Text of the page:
Attention to the role of HIT in child health care has existed for some time but long was limited to a narrow group of technical experts. Beginning in 2001, when the Agency for Healthcare Research and Quality convened an expert meeting on HIT in children's health, a series of activities have occurred and have resulted in position statements and conferences summarizing the progress we are making in the development of child health information systems. The latest of these efforts, and the focus of this supplement, was a conference held in March 2006 in Orlando, Florida. The conference was cosponsored by the Agency for Healthcare Research and Quality, the National Initiative for Children's Healthcare Quality, the Public Health Informatics Institute, and the All Children's Hospital Foundation. A number of articles were commissioned as part of that work and they are included here, with other invited articles. The articles were presented in draft form at the conference, engendered a rich discussion, and were revised for this supplement.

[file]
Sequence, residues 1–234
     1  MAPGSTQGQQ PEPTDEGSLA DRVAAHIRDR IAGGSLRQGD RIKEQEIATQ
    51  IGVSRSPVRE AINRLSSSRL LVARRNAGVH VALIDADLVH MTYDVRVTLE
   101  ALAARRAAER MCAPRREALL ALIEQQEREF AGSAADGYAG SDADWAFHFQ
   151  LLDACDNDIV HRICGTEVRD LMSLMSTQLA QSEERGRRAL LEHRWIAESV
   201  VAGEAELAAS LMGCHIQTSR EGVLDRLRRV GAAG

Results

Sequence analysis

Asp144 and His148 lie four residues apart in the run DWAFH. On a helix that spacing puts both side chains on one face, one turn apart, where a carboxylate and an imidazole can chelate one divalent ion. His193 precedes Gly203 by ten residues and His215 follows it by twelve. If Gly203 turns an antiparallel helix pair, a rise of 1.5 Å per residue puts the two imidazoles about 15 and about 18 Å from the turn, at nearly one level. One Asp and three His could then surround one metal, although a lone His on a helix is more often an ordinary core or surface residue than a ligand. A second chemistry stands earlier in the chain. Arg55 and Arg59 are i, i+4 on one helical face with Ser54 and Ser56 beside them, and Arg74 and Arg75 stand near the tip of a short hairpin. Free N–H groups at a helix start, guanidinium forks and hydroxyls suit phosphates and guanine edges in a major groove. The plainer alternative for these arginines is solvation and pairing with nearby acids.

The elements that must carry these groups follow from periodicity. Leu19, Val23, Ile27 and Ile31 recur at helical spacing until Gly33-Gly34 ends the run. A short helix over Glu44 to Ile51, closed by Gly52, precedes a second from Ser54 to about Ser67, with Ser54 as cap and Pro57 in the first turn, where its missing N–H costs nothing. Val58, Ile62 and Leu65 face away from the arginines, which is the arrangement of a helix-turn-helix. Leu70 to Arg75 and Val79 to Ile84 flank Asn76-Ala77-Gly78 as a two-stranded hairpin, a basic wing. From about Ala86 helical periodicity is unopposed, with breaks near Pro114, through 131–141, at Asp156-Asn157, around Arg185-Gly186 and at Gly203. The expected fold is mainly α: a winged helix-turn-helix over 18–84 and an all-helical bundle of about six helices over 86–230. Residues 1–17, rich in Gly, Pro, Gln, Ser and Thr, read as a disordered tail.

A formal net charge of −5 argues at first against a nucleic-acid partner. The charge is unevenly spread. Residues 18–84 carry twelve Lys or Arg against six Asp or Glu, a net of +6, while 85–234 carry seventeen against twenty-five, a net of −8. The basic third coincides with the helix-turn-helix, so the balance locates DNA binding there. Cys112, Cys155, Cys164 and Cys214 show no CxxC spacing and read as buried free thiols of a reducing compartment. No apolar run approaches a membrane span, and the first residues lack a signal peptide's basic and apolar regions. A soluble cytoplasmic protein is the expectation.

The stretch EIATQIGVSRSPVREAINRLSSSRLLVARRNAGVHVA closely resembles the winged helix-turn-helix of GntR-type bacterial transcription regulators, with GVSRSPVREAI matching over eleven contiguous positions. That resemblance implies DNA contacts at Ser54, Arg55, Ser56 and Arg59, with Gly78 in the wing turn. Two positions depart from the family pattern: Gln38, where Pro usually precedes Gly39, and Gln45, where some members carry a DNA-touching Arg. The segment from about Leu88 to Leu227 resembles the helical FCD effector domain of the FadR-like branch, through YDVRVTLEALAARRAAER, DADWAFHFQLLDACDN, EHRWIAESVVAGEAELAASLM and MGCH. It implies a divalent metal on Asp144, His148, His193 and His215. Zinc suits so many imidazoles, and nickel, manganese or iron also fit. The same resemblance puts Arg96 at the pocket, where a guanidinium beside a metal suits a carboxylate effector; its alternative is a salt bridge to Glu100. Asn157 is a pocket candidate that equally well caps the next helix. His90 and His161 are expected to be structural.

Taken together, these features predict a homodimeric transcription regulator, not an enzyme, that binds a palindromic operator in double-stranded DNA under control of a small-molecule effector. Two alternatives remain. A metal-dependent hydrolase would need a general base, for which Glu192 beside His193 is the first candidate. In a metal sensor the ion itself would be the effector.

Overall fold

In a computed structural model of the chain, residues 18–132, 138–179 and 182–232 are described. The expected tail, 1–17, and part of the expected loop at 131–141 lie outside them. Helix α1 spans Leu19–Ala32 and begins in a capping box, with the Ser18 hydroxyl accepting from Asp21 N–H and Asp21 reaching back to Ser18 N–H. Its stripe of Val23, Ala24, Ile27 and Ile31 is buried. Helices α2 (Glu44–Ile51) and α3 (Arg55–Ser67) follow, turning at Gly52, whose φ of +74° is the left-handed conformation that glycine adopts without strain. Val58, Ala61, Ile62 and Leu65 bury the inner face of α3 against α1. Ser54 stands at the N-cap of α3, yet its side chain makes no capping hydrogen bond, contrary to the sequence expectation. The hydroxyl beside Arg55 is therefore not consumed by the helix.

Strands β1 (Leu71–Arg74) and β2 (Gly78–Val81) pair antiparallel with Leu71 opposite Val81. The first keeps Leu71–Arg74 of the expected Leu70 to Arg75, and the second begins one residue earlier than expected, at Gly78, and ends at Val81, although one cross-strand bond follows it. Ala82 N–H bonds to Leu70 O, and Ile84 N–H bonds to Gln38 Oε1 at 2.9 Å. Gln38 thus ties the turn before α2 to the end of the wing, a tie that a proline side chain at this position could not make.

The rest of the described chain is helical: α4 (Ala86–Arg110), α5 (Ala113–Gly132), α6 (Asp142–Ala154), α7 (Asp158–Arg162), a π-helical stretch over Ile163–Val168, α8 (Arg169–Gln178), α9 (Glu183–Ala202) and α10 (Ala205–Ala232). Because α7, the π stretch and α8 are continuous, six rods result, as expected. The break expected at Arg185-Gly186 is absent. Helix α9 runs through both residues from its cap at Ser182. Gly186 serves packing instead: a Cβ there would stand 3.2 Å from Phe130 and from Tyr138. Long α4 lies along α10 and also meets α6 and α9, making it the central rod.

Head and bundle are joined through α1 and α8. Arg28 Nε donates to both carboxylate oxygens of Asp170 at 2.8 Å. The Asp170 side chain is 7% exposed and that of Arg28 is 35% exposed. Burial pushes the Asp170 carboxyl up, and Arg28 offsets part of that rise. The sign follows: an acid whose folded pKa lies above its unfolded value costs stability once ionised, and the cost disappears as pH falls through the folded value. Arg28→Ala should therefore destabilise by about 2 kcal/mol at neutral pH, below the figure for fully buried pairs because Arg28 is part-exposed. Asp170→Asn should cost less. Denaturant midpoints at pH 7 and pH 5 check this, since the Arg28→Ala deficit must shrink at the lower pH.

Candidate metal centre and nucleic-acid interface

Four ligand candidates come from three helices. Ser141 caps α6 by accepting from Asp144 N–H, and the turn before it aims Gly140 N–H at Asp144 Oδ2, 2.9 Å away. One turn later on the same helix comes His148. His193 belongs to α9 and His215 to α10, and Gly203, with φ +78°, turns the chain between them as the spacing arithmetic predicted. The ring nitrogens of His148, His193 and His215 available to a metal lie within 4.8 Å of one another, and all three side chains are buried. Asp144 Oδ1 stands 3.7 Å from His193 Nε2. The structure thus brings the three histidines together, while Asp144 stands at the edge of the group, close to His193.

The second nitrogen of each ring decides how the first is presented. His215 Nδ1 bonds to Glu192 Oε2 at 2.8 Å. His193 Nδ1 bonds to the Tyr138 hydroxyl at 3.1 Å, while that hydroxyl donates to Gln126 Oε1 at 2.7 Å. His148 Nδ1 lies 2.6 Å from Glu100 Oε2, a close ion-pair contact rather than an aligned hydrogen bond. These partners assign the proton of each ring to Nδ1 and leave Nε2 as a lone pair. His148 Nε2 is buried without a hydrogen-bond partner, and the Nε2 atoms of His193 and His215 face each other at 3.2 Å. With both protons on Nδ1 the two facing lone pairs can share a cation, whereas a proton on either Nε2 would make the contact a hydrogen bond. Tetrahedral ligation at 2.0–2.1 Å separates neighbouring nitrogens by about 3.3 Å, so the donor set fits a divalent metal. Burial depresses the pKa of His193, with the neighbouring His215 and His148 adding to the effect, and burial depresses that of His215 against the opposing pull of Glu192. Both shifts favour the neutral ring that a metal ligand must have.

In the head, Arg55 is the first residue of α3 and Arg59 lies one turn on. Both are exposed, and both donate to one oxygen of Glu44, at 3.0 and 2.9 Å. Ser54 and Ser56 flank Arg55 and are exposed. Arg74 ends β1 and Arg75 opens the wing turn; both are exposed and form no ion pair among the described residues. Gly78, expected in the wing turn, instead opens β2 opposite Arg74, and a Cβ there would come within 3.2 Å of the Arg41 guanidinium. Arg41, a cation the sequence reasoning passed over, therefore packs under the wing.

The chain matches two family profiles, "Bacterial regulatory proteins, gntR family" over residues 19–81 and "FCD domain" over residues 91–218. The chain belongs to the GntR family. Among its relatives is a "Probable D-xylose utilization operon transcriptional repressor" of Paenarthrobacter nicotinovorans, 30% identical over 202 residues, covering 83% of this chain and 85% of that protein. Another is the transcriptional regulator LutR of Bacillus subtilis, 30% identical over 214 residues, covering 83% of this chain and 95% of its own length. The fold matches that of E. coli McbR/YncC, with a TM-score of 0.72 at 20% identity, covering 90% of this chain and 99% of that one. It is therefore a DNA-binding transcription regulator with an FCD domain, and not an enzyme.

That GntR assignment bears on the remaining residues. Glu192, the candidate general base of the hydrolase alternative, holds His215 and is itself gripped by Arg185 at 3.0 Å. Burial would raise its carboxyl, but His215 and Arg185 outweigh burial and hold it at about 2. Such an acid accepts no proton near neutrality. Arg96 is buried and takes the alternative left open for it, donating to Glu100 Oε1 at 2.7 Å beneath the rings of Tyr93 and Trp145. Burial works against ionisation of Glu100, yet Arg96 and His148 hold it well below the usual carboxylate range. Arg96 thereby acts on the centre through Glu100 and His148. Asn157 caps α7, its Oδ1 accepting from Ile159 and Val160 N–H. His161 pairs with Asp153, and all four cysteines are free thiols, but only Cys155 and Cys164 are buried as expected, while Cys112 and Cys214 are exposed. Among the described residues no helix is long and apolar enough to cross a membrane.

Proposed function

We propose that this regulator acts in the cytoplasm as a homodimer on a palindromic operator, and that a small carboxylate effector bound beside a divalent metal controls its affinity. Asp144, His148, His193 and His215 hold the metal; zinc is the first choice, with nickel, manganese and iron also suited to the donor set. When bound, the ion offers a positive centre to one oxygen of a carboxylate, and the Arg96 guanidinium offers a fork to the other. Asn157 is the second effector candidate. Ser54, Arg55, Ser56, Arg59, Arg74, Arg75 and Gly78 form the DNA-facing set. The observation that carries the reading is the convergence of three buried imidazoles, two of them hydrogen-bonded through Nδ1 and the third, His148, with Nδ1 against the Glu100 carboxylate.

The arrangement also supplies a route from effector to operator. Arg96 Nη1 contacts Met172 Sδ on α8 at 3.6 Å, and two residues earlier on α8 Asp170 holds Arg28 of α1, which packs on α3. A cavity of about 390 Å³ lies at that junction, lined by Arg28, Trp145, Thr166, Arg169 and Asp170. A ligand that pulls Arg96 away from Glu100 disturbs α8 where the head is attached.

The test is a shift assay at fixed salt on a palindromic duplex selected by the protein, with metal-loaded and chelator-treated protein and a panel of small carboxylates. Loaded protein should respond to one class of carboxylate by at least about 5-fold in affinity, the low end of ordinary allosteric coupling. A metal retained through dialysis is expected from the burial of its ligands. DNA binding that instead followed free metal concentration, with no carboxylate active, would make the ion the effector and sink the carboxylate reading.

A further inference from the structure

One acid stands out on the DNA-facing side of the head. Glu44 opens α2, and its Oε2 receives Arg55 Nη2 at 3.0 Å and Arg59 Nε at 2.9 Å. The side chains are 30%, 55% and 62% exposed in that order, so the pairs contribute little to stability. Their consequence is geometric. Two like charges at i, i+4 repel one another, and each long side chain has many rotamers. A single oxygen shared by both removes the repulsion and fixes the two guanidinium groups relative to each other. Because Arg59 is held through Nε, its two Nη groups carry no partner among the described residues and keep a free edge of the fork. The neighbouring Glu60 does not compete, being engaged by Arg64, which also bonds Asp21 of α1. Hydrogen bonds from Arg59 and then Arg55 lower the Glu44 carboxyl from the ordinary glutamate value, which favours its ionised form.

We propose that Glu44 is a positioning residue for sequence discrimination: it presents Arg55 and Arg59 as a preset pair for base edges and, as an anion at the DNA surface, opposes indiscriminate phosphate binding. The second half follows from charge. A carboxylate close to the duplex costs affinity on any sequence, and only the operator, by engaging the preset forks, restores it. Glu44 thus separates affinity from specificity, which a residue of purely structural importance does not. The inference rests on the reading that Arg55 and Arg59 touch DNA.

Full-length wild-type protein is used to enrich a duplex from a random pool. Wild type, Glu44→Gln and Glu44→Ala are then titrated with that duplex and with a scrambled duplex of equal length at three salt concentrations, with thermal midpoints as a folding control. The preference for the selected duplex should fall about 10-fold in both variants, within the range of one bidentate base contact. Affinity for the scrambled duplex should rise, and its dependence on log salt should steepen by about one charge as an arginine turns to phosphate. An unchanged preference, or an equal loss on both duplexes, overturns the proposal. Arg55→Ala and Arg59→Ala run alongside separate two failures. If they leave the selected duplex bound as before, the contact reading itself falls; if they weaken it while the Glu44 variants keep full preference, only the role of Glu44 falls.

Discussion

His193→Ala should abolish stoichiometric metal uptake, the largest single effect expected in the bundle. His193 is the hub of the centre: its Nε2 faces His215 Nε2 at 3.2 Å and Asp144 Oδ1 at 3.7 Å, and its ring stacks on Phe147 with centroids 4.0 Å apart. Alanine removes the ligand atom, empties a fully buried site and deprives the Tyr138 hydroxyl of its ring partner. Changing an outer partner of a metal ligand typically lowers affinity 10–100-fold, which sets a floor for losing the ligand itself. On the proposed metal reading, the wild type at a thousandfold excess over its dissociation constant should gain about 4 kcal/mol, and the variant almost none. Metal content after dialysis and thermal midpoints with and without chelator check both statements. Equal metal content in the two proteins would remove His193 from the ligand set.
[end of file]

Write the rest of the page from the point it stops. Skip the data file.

ELECTRONIC HEALTH RECORDS AND BEYOND
Much of the policy attention today is on the use of electronic health records (EHRs); however, several articles in this supplement speak to the slow spread among child health providers. Numerous barriers to spread, notably cost and the lack of appropriateness for pediatrics of the available products, account for this. Several articles in this issue also reflect the fact that child health information systems mirror the patchwork system that is child health care. Depending on the setting, information relevant to the care of children is housed in electronic medical records (EMRs), personal health records, registries, newborn screening programs and other public health data sets, and school-based records.
APPLICATIONS SHOW PROMISE
Authors in this issue describe important applications that already are improving the care of patients in practices. Ferris and colleagues, for example, describe an electronic results management system for tracking and managing laboratory results in pediatric practices. Rattay and colleagues describe the use of an EMR system to support primary care recommendations to prevent, to identify, and to manage childhood obesity. The system has the ability to calculate BMI values, to issue alerts, to provide guidance to families, and to assess families' readiness to change behavior.